He recognizes that too many of his fellow-countrymen fear the unknown and that keeps them from traveling or, when travelling, keeps them on familiar paths rather than reaching out to really comprehend the places they are visiting. The pure joy he expresses in describing his travels must surely influence some people to venture out a bit more into the unfamiliar.
Yet, some fear for Jean Shepherd’s safety in travel, including Leigh Brown, then his young producer who loves him with all her heart, who fears that, in some far-off disaster, she will lose him forever.:
Among those who might very well also love him dearly and fear for his safety, is his wife, actress Lois Nettleton, whom he married in late 1960, and who, through her varied and busy professional schedule, is frequently away from home. But they write loving letters and postcards to each other. Jean to Lois: “Hi, Babe! Just got back from the bush in Eastern Nigeria and it is something not to be believed!…Am taking a run to Ghana and Cameroon this week….Love Love J.”:
Leigh expresses her fears, even in the very beginning of their emotional association in the early 1960s. When he is taking off for another trip, the African one noted above, she writes to her closest friend: “Of course telling him to be careful is about as constructive as pissing up a rope or shoveling you-know-what in the teeth of a high wind. The crazy sonofabitch DIGS insane danger! Why not! I’M the one who has to do the worrying!” Over the years, before his trips, she frequently pleads with him not to leave. As he discusses on the air his forthcoming travels to headhunter-country in the Peruvian Amazon, one can hear her voice from the control room tearfully beseeching him not to go. On the air he even seems to tease her a bit about the dangers. And, of course, he goes, and, of course, he returns—with marvelous tales to tell.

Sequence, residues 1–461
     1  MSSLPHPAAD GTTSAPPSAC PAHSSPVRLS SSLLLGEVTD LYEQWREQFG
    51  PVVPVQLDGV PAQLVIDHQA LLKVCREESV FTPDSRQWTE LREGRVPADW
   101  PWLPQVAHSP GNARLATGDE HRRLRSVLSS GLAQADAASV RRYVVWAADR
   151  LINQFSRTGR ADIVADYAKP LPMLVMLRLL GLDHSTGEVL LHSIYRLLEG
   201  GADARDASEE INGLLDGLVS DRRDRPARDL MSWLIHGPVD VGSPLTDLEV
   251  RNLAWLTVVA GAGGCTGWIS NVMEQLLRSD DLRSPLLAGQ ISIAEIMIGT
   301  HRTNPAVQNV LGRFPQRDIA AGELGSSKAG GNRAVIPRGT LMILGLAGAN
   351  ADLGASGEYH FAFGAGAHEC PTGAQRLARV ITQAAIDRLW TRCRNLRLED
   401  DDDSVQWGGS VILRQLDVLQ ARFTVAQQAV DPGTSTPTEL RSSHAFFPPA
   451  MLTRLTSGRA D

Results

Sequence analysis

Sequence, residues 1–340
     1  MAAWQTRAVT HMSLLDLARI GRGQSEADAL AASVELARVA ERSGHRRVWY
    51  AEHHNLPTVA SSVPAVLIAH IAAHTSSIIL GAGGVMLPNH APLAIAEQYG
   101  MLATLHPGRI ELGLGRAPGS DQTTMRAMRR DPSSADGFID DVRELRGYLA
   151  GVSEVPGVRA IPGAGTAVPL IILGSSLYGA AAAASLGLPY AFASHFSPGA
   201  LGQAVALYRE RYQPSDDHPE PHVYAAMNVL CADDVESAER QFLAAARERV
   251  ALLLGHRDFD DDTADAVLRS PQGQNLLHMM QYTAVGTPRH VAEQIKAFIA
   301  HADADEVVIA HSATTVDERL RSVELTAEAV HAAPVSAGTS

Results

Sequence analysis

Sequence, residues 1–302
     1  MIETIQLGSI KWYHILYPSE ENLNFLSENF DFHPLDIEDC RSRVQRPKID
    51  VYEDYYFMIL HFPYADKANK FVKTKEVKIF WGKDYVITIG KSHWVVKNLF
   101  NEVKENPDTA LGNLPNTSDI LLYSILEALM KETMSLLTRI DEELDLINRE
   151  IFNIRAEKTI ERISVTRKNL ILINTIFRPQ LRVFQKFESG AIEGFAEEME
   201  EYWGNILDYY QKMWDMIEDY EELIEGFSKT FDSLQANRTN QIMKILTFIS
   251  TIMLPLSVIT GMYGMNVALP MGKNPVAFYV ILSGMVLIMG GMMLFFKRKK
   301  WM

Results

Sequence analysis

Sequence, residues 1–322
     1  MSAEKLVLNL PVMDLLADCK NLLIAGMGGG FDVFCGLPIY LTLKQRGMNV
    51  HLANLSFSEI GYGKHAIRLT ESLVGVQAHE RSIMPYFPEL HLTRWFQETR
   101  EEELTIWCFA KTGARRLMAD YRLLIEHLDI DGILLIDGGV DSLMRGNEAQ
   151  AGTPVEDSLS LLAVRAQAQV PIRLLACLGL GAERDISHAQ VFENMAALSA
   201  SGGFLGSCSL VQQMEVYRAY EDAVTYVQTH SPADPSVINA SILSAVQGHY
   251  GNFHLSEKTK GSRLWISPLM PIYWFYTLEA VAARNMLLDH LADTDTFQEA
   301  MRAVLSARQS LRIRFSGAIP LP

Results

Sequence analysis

Although he is acclaimed for his extensive memory, in order to capture his travel experiences even better for himself and his listeners, Shepherd uses several recording methods. He does some pen and ink drawings of sites and says he keeps written travel journals of all of his trips. In addition to the pure pleasure of holding his first impressions in those books, they assist him in remembering his experiences in order to transmit them on the radio upon his return. The journals themselves may not yet have been found, but we have Shepherd’s many broadcasts devoted to describing the events. In addition, he often makes tapes of sounds he hears on location as well as his at-the-moment commentary regarding his adventures. Returning from trips, he gives his observations on the air and sometimes plays parts of the tapes he’d made on-site—a few words, snatches of music, local sounds, the rush of the sea against the hull of a sailing vessel. All evoking some special sense of where he’s been. Dominant among those sounds, of course, is that of the timeless human voice.